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Effie Brown, Peter Farrelly, and How We Talk About Women in Power

Effie Brown

Women, no matter their industry, are often told that they’re “overreacting” when they bring up a concern. Even when, in the case of producer Effie Brown on Project Greenlight, their tone remains even and respectful despite having reason to be upset, women are told to “calm down.” Get ready for another awesome moment of privilege brought to you by the folks at Project Greenlight, and several of the media outlets covering this week’s episode.

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Director Peter Farrelly has decided to leave Project Greenlight as Jason Mann’s mentor citing a tense interaction between him and Brown as the reason. Here’s how it went down:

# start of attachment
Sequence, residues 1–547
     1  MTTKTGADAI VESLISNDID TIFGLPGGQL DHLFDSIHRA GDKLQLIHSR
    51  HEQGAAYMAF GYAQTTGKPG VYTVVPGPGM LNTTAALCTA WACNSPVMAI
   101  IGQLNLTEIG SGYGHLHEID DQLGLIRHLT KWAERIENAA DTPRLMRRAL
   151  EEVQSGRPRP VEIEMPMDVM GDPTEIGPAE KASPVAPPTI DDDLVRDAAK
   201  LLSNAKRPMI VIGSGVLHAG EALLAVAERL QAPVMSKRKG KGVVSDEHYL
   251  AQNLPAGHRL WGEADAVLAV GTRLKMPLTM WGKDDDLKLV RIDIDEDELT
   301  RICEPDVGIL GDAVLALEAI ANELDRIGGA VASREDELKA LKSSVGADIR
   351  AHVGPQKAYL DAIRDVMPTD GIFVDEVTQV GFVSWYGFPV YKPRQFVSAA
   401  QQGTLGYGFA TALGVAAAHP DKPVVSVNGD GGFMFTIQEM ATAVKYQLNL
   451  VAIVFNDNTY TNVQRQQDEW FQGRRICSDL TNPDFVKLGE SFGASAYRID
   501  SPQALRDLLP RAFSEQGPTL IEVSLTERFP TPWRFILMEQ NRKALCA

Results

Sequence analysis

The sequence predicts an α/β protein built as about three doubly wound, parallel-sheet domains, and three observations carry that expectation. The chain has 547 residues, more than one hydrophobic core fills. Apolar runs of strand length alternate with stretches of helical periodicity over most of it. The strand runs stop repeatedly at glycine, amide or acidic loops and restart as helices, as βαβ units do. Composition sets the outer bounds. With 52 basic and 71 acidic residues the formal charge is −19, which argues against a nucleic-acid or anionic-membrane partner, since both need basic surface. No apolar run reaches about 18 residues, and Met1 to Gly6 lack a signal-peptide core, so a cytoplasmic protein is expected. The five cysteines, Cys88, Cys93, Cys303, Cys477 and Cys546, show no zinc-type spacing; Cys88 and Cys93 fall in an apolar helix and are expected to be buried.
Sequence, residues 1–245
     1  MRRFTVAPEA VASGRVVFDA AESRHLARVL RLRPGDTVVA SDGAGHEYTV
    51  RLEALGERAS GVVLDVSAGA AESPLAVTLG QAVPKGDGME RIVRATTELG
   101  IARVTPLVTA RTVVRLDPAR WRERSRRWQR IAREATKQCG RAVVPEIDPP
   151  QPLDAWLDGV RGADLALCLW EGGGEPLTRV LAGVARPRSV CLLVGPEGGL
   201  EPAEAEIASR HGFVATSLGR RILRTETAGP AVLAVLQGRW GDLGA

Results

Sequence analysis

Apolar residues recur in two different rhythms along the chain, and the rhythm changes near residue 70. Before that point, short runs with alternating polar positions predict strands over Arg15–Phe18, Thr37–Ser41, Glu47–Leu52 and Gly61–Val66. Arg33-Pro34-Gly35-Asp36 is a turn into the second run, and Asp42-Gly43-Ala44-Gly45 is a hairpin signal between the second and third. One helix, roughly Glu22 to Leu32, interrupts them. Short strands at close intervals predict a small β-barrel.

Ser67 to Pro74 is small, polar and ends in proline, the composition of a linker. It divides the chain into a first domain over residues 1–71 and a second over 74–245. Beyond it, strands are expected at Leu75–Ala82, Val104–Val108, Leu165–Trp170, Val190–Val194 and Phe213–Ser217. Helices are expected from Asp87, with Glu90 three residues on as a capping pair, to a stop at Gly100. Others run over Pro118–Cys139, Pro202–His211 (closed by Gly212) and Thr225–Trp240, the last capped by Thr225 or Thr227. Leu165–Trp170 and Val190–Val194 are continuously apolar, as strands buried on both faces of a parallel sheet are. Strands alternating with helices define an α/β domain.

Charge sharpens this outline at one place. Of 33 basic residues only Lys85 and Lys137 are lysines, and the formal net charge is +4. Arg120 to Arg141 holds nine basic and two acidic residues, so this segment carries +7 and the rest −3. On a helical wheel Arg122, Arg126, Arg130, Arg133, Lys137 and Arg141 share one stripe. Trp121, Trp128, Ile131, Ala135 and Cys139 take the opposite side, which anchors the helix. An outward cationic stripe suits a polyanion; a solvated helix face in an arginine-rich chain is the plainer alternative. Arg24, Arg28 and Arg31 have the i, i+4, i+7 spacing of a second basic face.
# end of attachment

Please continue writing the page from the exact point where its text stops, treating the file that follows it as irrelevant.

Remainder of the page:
• Jason Mann wants to shoot his film on, well, film
  • Effie Brown has tried to discourage him, as film would cost $300,000 more than shooting digitally, and the film has a total budget of $3 Million
  • She walked him through the process of how shooting digitally would give him everything he needs artistically
  • Peter Farrelly offered to take Mann to a lab where he could see how shooting digitally would give him everything he needs artistically.
  • Mann doesn’t tell Brown.
  • Farrelly calls Brown and discusses the fact that he’s doing this with Mann, and she gets upset, because from her point of view, Farrelly has undermined her authority as producer when he is simply on board as Mann’s mentor now that Mann is no longer working on the Farrelly Brothers’ script, because Mann is so entitled that he didn’t even want to direct the movie he was chosen to direct, so they’re letting him direct a movie of his own.